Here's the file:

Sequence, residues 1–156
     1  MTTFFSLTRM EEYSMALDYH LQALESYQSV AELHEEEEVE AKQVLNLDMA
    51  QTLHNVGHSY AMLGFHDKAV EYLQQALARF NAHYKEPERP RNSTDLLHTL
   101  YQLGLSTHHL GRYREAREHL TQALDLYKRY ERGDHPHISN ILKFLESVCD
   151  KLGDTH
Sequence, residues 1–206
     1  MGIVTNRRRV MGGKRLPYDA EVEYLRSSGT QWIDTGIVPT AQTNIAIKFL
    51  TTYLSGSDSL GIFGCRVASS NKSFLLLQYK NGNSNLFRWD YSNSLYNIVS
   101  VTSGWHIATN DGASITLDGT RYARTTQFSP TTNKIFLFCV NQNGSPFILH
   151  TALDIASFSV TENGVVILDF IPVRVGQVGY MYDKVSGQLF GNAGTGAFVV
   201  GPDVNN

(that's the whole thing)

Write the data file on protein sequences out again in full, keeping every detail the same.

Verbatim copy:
Sequence, residues 1–156
     1  MTTFFSLTRM EEYSMALDYH LQALESYQSV AELHEEEEVE AKQVLNLDMA
    51  QTLHNVGHSY AMLGFHDKAV EYLQQALARF NAHYKEPERP RNSTDLLHTL
   101  YQLGLSTHHL GRYREAREHL TQALDLYKRY ERGDHPHISN ILKFLESVCD
   151  KLGDTH
Sequence, residues 1–206
     1  MGIVTNRRRV MGGKRLPYDA EVEYLRSSGT QWIDTGIVPT AQTNIAIKFL
    51  TTYLSGSDSL GIFGCRVASS NKSFLLLQYK NGNSNLFRWD YSNSLYNIVS
   101  VTSGWHIATN DGASITLDGT RYARTTQFSP TTNKIFLFCV NQNGSPFILH
   151  TALDIASFSV TENGVVILDF IPVRVGQVGY MYDKVSGQLF GNAGTGAFVV
   201  GPDVNN